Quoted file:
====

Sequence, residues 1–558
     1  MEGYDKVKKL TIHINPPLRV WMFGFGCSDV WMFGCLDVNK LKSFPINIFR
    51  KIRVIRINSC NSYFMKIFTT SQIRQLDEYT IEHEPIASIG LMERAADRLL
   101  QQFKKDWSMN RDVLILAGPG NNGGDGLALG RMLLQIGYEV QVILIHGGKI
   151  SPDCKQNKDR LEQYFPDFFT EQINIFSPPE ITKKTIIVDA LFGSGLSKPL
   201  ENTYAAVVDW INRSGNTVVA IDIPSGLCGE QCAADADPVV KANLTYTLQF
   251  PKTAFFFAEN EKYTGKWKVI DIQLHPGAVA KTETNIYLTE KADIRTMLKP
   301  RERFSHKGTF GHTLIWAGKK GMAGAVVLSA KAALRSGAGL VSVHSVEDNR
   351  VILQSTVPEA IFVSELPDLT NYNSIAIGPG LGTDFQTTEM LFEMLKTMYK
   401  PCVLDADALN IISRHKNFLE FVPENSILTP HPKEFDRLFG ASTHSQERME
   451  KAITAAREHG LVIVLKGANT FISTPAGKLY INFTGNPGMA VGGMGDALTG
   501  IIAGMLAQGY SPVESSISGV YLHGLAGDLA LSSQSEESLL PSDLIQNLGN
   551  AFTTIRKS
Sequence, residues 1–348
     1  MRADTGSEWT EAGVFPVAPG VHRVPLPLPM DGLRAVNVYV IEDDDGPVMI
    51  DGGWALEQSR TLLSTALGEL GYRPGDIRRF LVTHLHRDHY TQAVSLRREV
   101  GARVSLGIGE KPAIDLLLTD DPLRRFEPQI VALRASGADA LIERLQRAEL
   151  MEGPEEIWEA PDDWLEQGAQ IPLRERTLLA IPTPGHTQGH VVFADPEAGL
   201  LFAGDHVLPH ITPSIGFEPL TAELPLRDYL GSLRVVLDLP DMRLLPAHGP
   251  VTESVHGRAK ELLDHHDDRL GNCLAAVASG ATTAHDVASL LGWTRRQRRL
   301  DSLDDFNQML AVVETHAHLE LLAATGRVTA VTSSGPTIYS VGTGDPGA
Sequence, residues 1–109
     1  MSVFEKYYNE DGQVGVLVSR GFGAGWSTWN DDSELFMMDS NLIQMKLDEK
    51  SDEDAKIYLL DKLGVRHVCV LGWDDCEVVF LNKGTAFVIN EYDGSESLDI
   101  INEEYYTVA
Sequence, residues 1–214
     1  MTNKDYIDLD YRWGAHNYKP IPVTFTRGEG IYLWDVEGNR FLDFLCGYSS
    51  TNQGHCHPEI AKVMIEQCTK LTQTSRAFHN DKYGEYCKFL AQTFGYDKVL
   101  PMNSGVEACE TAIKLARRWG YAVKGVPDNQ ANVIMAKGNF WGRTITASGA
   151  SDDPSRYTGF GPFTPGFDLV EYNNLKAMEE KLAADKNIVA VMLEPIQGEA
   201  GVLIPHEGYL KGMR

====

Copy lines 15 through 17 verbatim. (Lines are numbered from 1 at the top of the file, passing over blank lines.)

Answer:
     1  MRADTGSEWT EAGVFPVAPG VHRVPLPLPM DGLRAVNVYV IEDDDGPVMI
    51  DGGWALEQSR TLLSTALGEL GYRPGDIRRF LVTHLHRDHY TQAVSLRREV
   101  GARVSLGIGE KPAIDLLLTD DPLRRFEPQI VALRASGADA LIERLQRAEL